Hortonworks is planning to release specific solutions for the internet of things (IoT) and cyber security based on its core HDP and HDF big data platforms later this year.
Speaking this week at the DataWorks Summit in Munich, Germany, chief technology officer Scott Gnau explained how the company is looking to release more packaged solutions to ease adoption of the open source software for large enterprises.
Gnau told Computerworld UK: "Solutions are the natural evolution that we are building and so I would expect to see a couple of horizontals in IoT and potentially the cyber space. So creating an extensible platform and have applications plug in more seamlessly, across all industries."
Hortonworks traditionally helps customers get to grips with open source technologies like Apache, Hadoop, Spark, and NiFi. Bundling the software and services into consumable packages is a natural move that should help the business sell in to areas that might not typically consider Hortonworks – like IoT and cyber.
It can be likened to what Salesforce has done with its cloud-based CRM: build up the core platform and a customer base of early adopters, blueprint the use cases, and then package these up around distinct verticals to ease adoption in the enterprise market.
Hortonworks dipped its toe in the water in February by launching an enterprise data warehouse (EDW) optimisation tool. This paves the way for the future solutions in that they will all look roughly the same: a software licence, support services and seven weeks of professional services bundled together. According to Gnau: "We give you all the core ingredients and we make the first one for you, and you can watch."
Chief strategy officer Shaun Connolly added that industry-specific solutions in verticals where Hortonworks already has good traction – like automotive and manufacturing – also make sense.
"I would imagine those are the industries where we come up with packaged solutions with partner technologies," he said.
Connolly anticipates Hortonworks will unearth "repeatable patterns" for cyber security in industries like financial services and telecommunications, which should allow it to create specific solutions.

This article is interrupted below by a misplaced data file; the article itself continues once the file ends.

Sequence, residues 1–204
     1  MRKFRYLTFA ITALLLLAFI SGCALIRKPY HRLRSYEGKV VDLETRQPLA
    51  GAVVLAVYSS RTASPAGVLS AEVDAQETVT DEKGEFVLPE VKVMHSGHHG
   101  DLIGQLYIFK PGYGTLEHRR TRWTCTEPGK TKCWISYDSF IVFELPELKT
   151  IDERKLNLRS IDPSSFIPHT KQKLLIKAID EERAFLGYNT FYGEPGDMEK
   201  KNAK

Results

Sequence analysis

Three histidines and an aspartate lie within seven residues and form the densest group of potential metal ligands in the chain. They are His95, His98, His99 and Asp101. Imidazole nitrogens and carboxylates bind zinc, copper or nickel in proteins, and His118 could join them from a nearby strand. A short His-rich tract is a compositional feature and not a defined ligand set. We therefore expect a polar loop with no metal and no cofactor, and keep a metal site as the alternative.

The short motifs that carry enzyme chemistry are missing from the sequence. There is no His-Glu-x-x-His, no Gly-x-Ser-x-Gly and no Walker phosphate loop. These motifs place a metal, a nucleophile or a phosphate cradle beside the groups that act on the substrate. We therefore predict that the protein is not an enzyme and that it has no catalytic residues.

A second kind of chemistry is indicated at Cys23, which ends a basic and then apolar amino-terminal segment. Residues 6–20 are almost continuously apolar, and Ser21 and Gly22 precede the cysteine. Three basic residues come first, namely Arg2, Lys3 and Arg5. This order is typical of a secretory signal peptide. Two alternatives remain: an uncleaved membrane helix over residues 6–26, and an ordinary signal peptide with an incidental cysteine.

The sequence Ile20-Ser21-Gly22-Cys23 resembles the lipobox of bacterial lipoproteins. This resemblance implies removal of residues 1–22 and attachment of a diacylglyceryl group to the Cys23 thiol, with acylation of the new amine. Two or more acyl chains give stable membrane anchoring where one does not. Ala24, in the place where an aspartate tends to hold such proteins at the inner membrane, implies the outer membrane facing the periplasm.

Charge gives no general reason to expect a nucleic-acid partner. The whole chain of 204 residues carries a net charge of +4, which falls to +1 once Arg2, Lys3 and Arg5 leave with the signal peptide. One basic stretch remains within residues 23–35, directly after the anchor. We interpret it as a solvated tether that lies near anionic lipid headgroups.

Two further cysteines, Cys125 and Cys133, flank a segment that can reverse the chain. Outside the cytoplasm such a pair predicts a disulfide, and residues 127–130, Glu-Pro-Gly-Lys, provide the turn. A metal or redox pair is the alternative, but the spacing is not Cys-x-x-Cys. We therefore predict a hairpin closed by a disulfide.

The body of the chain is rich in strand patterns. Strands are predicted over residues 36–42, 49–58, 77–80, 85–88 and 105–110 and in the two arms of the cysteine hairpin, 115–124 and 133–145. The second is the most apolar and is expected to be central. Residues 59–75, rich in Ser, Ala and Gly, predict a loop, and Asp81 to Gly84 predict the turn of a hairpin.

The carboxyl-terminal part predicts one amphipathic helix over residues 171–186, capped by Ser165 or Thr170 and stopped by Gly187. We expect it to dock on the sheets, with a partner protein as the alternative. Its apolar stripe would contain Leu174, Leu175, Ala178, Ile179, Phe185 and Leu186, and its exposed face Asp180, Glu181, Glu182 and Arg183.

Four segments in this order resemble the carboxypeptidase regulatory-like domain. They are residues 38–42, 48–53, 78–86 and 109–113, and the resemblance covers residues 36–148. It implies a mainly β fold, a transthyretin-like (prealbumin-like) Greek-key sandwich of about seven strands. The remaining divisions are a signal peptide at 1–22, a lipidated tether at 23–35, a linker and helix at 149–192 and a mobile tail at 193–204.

Gnau warns customers that these solutions won't be "point and click" though, saying that is a "technical impossibility".
Hortonworks counts 1,000 customers already but has seen its stock price halve since floating at the end of 2014, from 21.90 at the end of 2015 to 10.75 at the time of writing.
CB Insights reported this week a general softening in the market for companies that have traditionally sold services and support around Hadoop. It states: "The challenges faced by Hortonworks and the likely challenges faced by Cloudera and MapR have also made investors shy away from Hadoop."
Hortonworks will have to compete with proprietary vendors in the space though. For example Splunk, which has branched out from log analysis into streaming data for IT operations, cyber security and IoT, as well as industry vertical-specific solutions.
But Gnau says he isn't worried about the competition. "I don't know that it is direct head-to-head competition," he said. "I view Splunk as a really good application that does a very good job and is well received in the marketplace but I am not in the applications business. In those horizontal spaces I look to create an extension to the platform which enables customers to get things done."
Hortonworks isn't announcing a date that customers will be able to buy these products just yet.
"We will have some additional offers later this year, so relevant in the cyber security space and the IoT space and we are still working through what the next one will be," Gnau said.